by Elena Riedlinger, Westdeutscher Rundfunk (WDR), Germany.
In many European cities, so-called Stolpersteine (literal translation: stumbling blocks) commemorate the victims of the National Socialist regime in Germany.
Each stone commemorates a victim that was persecuted, deported, murdered or driven to suicide by the Nazi regime. With over 100,000 Stolpersteine in 27 countries, the Stolpersteine project by the artist Gunter Demnig is the largest decentralized memorial in the world.
“Stolpersteine NRW” is a project of the public broadcaster Westdeutscher Rundfunk (WDR). It extends the work of Gunther Demnig in the digital realm. Through an app and a homepage, it offers further information on the biographies of the victims and provides an innovative, interactive approach to the topic of National Socialism.
Via the Stolpersteine NWR app and through the Stolpersteine NRW website users are able to access an interactive map which shows each one of more than 16,000 Stolpersteine in NRW. The small brass plaques embedded in the ground are usually located in front of the victims last freely chosen residence. “Stolpersteine NRW” contains thousands of biographical texts, illustrations, audio plays and historical photos which help to experience the stories of the victims through different forms of storytelling. The mobile app offers curated routes and an integrated GPS navigation system to guide users from Stolperstein to Stolperstein.
Interactive learning and free lecture material
“Stolpersteine NRW” also offers many possibilities for teaching purposes, using interactive learning. On the website, teachers find free teaching material (in German) to incorporate the app and website in class. There are five modules provided which are suitable for History, Religion, Social Sciences, and Philosophy lessons in secondary school.
Using the app, students are given the opportunity to discover Stolpersteine in their own neighborhood. On the website, they can search the provided database to do research and learn about different biographies. The interactive glossary explains unfamiliar terms to help deepen their knowledge.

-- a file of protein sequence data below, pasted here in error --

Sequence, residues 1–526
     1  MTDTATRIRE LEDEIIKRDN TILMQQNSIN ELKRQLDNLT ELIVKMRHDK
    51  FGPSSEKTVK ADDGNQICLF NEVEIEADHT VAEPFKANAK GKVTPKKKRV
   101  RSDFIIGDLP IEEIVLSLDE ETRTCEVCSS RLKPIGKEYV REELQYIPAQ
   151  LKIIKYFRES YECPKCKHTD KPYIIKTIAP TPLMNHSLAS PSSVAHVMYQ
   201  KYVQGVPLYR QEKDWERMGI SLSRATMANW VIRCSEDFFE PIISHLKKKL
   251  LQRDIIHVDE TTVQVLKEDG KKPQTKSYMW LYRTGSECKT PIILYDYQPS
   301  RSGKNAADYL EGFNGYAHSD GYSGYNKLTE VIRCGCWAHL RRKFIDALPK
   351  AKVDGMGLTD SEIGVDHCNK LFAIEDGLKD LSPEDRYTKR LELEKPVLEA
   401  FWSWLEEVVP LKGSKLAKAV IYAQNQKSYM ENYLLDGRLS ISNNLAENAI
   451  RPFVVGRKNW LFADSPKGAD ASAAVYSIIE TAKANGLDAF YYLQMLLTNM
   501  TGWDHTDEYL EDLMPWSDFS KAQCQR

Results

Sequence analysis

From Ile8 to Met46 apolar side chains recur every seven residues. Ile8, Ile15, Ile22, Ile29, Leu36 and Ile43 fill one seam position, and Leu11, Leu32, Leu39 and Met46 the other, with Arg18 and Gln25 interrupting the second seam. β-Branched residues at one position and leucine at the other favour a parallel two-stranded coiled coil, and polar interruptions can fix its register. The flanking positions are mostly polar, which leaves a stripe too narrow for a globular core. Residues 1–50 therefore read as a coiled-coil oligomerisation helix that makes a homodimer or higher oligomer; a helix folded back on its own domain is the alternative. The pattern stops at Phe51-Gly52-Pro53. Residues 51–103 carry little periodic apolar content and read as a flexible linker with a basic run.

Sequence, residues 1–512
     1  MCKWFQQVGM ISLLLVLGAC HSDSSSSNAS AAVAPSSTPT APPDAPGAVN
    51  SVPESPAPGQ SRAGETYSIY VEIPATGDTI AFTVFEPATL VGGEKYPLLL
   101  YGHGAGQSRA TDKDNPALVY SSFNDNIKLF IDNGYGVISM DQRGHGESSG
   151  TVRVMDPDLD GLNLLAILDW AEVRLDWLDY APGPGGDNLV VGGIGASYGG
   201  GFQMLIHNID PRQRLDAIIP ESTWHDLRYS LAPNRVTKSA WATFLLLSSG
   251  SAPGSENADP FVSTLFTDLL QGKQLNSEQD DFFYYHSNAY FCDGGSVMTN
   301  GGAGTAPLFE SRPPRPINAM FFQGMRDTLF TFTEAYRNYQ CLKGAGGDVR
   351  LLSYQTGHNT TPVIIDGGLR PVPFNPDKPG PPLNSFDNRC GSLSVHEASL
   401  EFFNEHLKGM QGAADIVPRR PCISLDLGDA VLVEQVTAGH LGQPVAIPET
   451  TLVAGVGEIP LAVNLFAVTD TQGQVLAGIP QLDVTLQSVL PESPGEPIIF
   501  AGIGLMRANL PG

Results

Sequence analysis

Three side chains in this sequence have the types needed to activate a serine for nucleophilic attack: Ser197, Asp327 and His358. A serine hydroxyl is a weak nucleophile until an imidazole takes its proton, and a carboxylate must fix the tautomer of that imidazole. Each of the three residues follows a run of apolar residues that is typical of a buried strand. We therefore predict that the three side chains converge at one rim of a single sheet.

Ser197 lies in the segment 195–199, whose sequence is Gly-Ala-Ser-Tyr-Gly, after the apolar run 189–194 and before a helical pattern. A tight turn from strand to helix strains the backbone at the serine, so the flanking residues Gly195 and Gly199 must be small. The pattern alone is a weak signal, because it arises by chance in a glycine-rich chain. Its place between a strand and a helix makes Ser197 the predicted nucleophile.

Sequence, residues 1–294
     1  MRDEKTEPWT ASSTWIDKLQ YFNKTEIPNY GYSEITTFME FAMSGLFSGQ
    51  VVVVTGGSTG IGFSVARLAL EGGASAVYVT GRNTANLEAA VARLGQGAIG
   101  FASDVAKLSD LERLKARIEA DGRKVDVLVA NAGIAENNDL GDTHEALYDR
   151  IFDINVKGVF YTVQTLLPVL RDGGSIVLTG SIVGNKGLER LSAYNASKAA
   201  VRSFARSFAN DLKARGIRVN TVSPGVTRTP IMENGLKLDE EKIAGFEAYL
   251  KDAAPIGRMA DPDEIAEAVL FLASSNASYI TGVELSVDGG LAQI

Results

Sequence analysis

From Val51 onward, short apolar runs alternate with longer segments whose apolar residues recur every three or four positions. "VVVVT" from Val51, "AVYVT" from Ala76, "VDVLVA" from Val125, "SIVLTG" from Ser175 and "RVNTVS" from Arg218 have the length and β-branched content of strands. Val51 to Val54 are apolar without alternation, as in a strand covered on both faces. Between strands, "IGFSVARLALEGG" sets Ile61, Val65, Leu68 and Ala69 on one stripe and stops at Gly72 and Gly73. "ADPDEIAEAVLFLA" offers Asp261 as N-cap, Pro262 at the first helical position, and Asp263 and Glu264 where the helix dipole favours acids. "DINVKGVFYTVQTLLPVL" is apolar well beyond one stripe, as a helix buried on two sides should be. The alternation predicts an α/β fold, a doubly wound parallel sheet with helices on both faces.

Students can contribute own content
Since spring 2023, WDR has been offering students the opportunity to actively participate in the project. Supported by the “Stolpersteine NRW” team, they are given the opportunity to research biographies of persecuted people and create their own texts and illustrated short stories for the Stolpersteine NRW app and website.
By doing so, students are able to help perceive the victims’ life stories and make them digitally accessible to others.
During the past few months, over 20 content pieces have been produced by students during school collaborations. They include biographical texts and illustrated short stories, which have been published in the Stolpersteine NRW app and on the website.
“The WDR project is very rewarding for us. The students discover the life stories of the victims and are able to share them with others in a creative way through the app”, resumes Felix Trüten, one of the first teachers participating in the collaboration. The texts and graphic novels written by his students are helpful to other users of the app to better understand and remember the consequences of National Socialism in Germany.
Editor’s note: Stolpersteine NRW was a worthy winner of the 2023 MEDEA Awards Special Jury Prize AND the Audience Favourite Prize and we were delighted to have Elena join us for the Awards ceremony held in Leuven City Hall on 20 June.
Elena Riedlinger, Editor, Westdeutscher Rundfunk (WDR), Germany